Although the Administration punted with its presentation of three different options, it does reveal its preference when it says, “As Fannie Mae and Freddie Mac are wound down, we must design a transition that allows for continued support of the housing market, so that Americans continue to have the ability to take out a mortgage to buy a home or refinance their existing mortgage.” A full reading of the page makes it clear that the support would come from a continued government presence in housing markets. These are steps that all policymakers must guard against.
The one bit of good news is that the Administration proposes measures that will “ultimately wind down” both Fannie and Freddie using practical methods. It appears that the goal is to complete the process in five to seven years, which is achievable and gives the private sector time to replace them while avoiding any immediate change that could shock the still-weak housing market.
The report makes it very clear where the fault for Fannie’s and Freddie’s failure lies, saying that “as their combined market share declined—from nearly 70 percent of new originations in 2003 to 40 percent in 2006—Fannie Mae and Freddie Mac pursued riskier business to raise their market share and increase profits. Not only did they expand their guarantees to new and riskier products, but they also increased their holdings of some of these riskier mortgages on their own balance sheets.”
The lesson from this experience should be very clear. Both Fannie Mae and Freddie Mac must be permanently and completely closed as quickly as the process can be responsibly completed. And under no circumstances should they be replaced with a program that would inevitably grow into a new Fannie Mae.
Other Important Mortgage Reforms
In addition to the three options for Fannie and Freddie, the report includes several other needed housing finance reforms. Many of these are already being implemented, so their inclusion here is more a reminder than a call to action. These include better underwriting standards for mortgages, to reduce the possibility that low-quality mortgages will again contaminate mortgage-backed securities, and improved consumer protection designed to ensure workers are not sold mortgages they ultimately cannot afford.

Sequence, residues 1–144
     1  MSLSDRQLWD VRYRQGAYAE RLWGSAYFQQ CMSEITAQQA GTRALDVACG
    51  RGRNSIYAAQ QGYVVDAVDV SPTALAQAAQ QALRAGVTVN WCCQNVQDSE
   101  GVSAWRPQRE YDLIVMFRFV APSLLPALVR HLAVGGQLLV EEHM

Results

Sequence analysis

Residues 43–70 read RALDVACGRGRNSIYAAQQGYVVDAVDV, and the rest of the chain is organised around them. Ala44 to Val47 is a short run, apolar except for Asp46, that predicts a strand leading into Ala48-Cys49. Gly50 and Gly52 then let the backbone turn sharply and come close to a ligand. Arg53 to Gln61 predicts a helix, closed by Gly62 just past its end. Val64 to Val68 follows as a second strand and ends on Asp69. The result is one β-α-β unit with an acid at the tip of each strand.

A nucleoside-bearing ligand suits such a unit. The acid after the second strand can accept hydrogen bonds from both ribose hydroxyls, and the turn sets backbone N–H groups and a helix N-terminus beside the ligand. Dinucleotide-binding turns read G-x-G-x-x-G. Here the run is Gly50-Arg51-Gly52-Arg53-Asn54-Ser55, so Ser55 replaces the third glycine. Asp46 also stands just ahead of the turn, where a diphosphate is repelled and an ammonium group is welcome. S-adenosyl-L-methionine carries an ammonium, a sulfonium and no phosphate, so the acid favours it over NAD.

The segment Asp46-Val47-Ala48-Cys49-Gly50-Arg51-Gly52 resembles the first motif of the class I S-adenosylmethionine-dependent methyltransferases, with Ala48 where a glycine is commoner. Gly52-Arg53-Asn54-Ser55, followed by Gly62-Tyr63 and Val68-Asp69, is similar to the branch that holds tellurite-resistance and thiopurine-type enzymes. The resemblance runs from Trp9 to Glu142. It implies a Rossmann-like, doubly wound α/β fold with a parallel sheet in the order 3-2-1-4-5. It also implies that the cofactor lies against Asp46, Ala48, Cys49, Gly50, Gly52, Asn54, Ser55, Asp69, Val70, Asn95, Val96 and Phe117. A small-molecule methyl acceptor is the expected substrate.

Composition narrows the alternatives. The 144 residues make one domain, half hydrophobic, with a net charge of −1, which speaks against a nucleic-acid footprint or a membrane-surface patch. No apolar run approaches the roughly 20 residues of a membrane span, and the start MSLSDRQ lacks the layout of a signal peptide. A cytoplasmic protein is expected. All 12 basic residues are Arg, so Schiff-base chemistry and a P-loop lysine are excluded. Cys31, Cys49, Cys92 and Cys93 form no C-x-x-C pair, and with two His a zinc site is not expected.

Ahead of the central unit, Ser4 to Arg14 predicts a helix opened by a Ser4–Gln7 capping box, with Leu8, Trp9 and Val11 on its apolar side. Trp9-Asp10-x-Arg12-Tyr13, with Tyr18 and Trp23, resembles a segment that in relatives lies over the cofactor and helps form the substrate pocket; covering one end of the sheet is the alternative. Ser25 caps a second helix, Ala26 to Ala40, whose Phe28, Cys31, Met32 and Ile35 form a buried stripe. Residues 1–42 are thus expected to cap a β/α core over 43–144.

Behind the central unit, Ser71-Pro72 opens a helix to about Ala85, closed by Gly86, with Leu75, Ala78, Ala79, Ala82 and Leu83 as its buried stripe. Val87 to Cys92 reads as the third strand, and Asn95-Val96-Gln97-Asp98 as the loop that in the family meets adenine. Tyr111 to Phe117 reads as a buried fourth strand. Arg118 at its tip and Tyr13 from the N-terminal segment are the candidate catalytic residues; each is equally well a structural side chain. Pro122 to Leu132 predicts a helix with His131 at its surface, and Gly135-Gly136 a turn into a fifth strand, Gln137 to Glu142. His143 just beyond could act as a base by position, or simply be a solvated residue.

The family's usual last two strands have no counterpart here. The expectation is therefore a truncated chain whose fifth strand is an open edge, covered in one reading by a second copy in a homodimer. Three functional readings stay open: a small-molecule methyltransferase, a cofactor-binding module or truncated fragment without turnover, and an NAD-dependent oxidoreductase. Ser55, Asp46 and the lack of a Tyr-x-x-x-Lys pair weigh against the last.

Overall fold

In addition, the Administration proposes to return the Federal Housing Administration (FHA) to its traditional role as a provider of targeted mortgage credit for low-income and moderate-income workers. Since 2008, the FHA has played a much larger role in housing markets, and it is likely to sustain higher losses as a result. However, Congress should use this as an invitation to reassess the role of the FHA and its place (if any) in the housing finance system of the future.
Finally, the report brings up the 12 Federal Home Loan banks, which have structures that are very close to those of Fannie and Freddie and are likely to sustain major losses in their mortgage investments. The Administration proposes to refocus the 12 banks to assisting smaller financial institutions and to reduce their portfolio investments. These steps do not go far enough; instead, policymakers should use this as an opportunity to close them down in an orderly fashion.
A Private-Sector Future
Of course, the actual effects of any of the three future alternatives that the Administration proposes for housing finance will depend on the details and implementation plan. Unfortunately, the report does not include details for any of the options. Eliminating Fannie Mae and Freddie Mac is a major step in the right direction; however, it will do no good to eliminate them only to fill their places with some clone of the failed government-subsidized system that caused so much of the 2008 crash. The private sector is more than capable of creating mortgage-backed securities and pricing an appropriate guarantee. In the future, the housing finance system should not contain anything similar to Fannie Mae, Freddie Mac, or any clone of either. That should be the guiding principle of housing finance reform.
David C. John is Senior Research Fellow in Retirement Security and Financial Institutions in the Thomas A. Roe Institute for Economic Policy Studies at The Heritage Foundation.